IAPA Midyear Meeting 2016
Punta Cana, Dominican Republic
April 8-11

In this period press freedom was harmed by the continuous climate of aggression against journalists, while at the same time there were produced anti-press legal and juridical actions.

The main juridical restriction occurred on March 16 when there began a new trial for genocide against former head of state José Efrain Ríos Montt and another general. The judge decided that this would be behind closed doors, with only the accused, their defense counsel, the victims and joint plaintiffs allowed in.

This action kept out the presence of the press at a trial of great national and international interest due to the importance of the accused and of the crime, violating the access that is guaranteed under Article 35 of the Constitution and the Law on Issuance of Thought.

In February 2016 the Constitutional Court sent to Congress its 69-point favorable opinion on the proposed amendment of the Electoral and Political Parties Law. These include regulating the maximum time of space in news media through a program of equal distribution of spaces, under the administration of the Supreme Electoral Tribunal (TSE).

News media would also be required to send to the TSE in the December before election year, a document listing fees that specifies the availability of spaces, a question that could be regarded as an interference in the news companies' right to free exercise of commerce.

The Constitutional Court also recognized a proposal to regulate electoral opinion polls. It rejected the electoral authority approving the questionnaires, certifying the technical relevance of the measurement instruments and giving official authorization. It recommended that the TSE be empowered to require rectifications regarding the published results, which would restrict the free practice of journalism.

The amendments are still being debated in Congress.

On March 10, at a meeting called by the Papal Nuncio, President Jimmy Morales seconded a plea by the representative of the Holy See for the ambassadors and representatives of international bodies accredited in the country to abstain from interfering in domestic affairs, in reference to the presence of them at trials and protests and to their opinions on political, legal, economic and governmental matters.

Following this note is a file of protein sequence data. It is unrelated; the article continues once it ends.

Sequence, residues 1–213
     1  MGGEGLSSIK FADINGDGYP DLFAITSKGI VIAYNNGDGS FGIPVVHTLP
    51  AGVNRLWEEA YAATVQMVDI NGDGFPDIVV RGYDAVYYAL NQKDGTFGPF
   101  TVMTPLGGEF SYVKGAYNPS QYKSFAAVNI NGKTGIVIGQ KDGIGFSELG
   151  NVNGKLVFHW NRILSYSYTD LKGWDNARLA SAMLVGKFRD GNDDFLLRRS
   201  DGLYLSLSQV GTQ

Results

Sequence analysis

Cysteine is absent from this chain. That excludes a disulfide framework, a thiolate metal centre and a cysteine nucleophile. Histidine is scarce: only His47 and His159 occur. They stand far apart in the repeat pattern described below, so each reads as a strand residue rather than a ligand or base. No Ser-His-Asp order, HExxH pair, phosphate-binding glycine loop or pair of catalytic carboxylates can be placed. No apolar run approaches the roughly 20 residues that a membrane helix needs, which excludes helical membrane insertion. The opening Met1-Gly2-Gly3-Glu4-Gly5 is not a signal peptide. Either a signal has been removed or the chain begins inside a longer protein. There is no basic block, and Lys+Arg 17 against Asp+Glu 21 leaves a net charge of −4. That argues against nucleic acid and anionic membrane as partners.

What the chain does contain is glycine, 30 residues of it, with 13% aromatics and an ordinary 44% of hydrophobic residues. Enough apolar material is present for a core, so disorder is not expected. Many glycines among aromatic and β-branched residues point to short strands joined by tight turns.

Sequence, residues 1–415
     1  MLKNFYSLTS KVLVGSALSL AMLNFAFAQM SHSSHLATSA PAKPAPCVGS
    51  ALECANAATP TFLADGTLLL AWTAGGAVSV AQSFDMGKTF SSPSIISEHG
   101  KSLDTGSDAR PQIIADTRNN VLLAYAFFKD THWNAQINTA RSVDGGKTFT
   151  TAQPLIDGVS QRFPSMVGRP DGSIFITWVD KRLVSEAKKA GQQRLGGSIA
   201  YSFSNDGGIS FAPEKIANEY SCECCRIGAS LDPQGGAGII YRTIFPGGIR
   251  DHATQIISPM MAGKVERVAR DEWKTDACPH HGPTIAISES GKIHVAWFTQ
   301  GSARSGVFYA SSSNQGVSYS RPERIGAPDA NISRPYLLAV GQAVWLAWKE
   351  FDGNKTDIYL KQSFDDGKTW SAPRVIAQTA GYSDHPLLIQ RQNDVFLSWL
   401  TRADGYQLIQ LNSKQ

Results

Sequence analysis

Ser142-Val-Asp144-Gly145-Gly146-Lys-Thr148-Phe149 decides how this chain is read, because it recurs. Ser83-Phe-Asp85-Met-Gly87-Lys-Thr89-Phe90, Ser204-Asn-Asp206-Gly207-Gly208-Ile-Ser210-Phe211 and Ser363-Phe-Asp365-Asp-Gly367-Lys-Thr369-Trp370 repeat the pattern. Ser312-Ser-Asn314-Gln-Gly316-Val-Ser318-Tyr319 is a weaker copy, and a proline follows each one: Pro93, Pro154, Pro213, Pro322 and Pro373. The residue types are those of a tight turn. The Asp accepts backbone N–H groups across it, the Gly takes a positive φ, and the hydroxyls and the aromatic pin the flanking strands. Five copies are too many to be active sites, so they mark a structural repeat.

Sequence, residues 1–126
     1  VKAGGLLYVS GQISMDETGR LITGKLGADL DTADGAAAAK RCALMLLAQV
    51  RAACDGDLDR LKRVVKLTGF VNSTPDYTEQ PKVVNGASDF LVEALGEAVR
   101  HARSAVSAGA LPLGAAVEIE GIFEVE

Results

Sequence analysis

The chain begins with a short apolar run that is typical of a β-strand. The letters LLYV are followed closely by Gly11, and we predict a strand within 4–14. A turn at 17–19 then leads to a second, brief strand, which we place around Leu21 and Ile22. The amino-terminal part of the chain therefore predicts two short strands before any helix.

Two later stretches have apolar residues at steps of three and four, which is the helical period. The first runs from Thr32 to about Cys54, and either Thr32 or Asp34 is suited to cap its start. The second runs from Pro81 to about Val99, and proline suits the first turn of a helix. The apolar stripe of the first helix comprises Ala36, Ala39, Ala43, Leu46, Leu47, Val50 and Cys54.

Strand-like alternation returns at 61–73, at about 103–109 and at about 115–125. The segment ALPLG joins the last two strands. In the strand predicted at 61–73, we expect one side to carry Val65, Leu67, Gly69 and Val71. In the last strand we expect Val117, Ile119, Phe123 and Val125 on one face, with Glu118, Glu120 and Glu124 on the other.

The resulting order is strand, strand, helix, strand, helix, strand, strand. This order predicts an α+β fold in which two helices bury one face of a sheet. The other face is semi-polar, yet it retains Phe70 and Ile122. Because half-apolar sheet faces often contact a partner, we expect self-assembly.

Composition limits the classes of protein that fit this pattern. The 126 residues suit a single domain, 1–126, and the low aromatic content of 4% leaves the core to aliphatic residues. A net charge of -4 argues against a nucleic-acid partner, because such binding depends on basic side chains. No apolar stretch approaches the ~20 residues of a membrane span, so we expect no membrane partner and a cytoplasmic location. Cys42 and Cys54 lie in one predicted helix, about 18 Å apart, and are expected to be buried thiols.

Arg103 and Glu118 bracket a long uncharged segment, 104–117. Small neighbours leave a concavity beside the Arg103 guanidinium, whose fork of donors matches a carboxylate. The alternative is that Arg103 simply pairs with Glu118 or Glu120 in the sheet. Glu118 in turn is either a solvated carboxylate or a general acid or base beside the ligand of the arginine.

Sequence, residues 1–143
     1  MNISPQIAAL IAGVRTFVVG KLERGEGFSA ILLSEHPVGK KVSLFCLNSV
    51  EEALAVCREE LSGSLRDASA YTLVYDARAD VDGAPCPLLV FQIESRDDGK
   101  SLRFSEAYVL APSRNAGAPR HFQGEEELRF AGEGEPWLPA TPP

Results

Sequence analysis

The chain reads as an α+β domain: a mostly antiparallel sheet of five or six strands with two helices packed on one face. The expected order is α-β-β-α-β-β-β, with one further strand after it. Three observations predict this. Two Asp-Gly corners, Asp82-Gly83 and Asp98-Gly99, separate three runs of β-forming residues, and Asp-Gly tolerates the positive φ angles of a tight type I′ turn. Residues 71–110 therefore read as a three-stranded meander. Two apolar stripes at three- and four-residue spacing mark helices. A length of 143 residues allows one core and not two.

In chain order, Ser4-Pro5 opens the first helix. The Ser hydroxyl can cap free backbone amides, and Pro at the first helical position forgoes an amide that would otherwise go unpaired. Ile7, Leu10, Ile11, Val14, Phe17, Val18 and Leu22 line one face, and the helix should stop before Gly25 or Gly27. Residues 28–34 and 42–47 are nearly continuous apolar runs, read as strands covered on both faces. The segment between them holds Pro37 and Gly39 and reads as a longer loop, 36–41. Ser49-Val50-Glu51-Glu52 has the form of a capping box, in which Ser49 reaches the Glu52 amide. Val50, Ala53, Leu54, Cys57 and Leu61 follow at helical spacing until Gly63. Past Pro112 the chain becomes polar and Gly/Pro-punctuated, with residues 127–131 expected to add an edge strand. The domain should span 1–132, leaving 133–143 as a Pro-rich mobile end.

That day the Foreign Ministry sent a letter to the Diplomatic Corps with that request, which is interpreted as a constraint on the freedom of expression guaranteed in Article 35 of the Constitution.

On February 1 16 press organizations, headed by the Association of Journalists of Guatemala, the Guatemalan Journalism Chamber and the Professional Announcers of Guatemala Chamber, complained that they were excluded by the government from the technical roundtable that dealt with consultations and discussions within the process of creating a mechanism of protection for journalists.

Neither were the provincial press groups consulted, despite their being the country's most vulnerable.

The press groups demanded that the government recognize the rights guaranteed in the Constitution and in the Law on Issuance of Thought, and that when there are discussed steps to ensure the safety of journalists they be taken into account as the most interested parties.

Journalists continue to be exposed to threats, intimidation and physical aggression by public officials and organized crime. Frequently one learns of verbal or physical attacks on reporters, particularly in the provinces.

An example is the open threat issued by a prison guard who was watching over former vice president Roxana Baldetti during legal proceedings against her for alleged corruption in Villa Nueva. To send away the reporters trying to interview her the police officer raised his weapon and shouted, "Get out of there or there will be gunfire!"

That atmosphere worsened on March 17 with the murder of Mario Salazar, 32, director of the radio station Estéreo Azúcar in Asunción Meta, Jutiapa province. He was attacked by gunmen as he was driving his vehicle along the highway 73 miles from the border with El Salvador. That day he had traveled to that area to collect advertising revenue.